Jez Hemming, local democracy reporter
A Betsi Cadwaldr health board chief has hailed the first Covid-19 vaccinations to be dispensed in the north of Wales as the “start of the fightback” against coronavirus.
Jim McGuigan, the health board’s assistant eastern area medical director, was speaking in Wrexham after the first doses of the BioNtech/Pfizer vaccines had been given to healthcare staff.
Dr McGuigan, himself a GP, spoke about the stress of living under the shadow of Covid-19 exactly 260 days since UK Prime Minister Boris Johnson first called for a lockdown of life as we knew it.
As beaming healthcare staff shuttled between rooms in the vaccination centre, buoyed by the hope the new vaccine represents, Mr McGuigan outlined the historic nature of what was happening around us.
He said: “I think this is one of the most important days this country has had for many, many years.
“It’s the start of the fightback against coronavirus. It’s the start of getting society back to normal, schools back to normal, jobs back to normal, health services back to normal.
“I can’t think of anything more exciting – it’s fantastic news.”
One sensed this was a day that hadn’t come to soon for health staff who clapped in the early stages of the pandemic but have been fighting to keep their heads above water lately.
“Day to day work has been very stressful, having to gown up, mask up and also not knowing if some patients have or have no symptoms,” he said. “It’s very difficult not knowing if your going to bring any disease home to your family, so this is a great day.”
Wales was the first home nation to receive the vaccine, enough to make 40,000 doses which will protect 20,000 people.
Betsi Cadwaladr received 975 doses initially but more will come through as the Belgian Pfizer facility feeds more into the UK.
The fragility of the vaccine has been an issue but the Medicines and Healthcare products Regulatory Agency (MHRA) and Joint Committee on Vaccination and Immunisation have moved heaven and earth to approve and get the guidelines in place.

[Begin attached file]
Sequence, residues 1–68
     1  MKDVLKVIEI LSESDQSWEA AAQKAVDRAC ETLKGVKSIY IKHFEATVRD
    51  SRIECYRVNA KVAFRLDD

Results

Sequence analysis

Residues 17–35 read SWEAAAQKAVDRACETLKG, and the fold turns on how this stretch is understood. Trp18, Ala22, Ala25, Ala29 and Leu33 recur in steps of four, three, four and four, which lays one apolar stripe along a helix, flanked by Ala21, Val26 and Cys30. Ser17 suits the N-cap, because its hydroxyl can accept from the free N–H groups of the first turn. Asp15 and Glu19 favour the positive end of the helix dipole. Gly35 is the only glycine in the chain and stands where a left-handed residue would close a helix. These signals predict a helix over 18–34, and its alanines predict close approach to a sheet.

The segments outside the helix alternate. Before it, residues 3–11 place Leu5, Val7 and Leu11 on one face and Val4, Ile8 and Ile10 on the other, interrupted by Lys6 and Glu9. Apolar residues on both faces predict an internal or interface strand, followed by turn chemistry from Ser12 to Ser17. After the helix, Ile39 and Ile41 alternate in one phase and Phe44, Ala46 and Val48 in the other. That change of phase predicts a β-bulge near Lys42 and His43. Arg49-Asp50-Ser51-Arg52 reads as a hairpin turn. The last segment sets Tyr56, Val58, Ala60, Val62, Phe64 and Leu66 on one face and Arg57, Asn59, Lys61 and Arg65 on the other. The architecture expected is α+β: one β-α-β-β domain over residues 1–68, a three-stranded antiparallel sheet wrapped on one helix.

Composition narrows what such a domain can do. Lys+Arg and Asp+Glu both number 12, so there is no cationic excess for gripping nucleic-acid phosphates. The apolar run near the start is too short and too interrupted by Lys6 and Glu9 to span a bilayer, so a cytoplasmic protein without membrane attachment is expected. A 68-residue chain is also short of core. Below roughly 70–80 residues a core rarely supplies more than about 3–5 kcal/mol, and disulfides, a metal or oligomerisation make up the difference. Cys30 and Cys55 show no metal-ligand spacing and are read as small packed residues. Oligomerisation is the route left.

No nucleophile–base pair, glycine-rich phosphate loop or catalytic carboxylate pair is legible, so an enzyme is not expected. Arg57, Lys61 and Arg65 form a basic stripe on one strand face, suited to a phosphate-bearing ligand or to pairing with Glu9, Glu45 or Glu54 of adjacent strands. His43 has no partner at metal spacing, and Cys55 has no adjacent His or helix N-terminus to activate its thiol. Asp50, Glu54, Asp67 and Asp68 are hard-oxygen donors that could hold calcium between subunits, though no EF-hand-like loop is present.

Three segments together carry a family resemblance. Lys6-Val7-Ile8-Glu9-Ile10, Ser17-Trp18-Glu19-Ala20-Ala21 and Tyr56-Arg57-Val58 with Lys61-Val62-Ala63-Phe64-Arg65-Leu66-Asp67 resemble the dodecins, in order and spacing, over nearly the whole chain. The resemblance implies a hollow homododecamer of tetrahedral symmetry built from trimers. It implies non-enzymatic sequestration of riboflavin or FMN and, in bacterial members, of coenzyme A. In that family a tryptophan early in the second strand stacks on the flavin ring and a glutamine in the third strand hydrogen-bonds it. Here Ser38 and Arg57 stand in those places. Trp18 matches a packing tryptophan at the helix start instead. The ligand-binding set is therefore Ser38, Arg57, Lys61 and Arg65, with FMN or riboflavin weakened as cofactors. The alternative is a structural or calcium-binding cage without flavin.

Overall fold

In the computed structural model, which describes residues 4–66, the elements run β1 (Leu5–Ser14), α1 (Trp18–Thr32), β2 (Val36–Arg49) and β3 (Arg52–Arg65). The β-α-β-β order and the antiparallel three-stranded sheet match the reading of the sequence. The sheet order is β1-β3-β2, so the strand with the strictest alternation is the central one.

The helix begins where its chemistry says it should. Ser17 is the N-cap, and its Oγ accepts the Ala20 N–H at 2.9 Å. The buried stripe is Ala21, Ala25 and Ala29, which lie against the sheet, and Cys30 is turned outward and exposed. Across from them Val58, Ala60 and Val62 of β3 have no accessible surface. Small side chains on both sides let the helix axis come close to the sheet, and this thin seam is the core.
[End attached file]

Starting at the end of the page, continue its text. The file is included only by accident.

The new vaccine needs to be transported at between -70C and -80C and once thawed can only stay viable for a maximum of five days.
Add to that it comes in vials which have to be diluted and split into five doses and you understand the mammoth logistical task it has been to get to the first injection in the north of Wales at around 8.07am this morning.
All Welsh health boards started administering vaccines to care home staff, those over 80 years and frontline health and social care workers most at risk at around the same time this morning.
Despite the elation that at least the road to some semblance of normal life is in sight, Dr McGuigan said it would be well after Easter before we could think about relaxing.
He said: “We are not going to be immune for quite some time so this isn’t the time to rejoice, this isn’t the time to go back to normality now.
“I think it’s a marathon, it’s going to take some time. We’ve got to vaccinate hundreds of thousands of people and it’s not going to be a quick process.
“You’ve got to remember these are small numbers of vaccines at first, so we have to carry on with social distancing – we still have to be careful.
“We still have to self-isolate if we have symptoms suggestive of coronavirus.
Barely able to conceal a smile, he added: “But at the same time we can take great heart from this. Things are going to gradually change.”
It is hoped a second vaccine, developed through a collaboration between Oxford University and Astra Zeneca, will gain regulatory approval early in the New Year.
If and when that happens health and public health professionals hope the pace of vaccination will step up.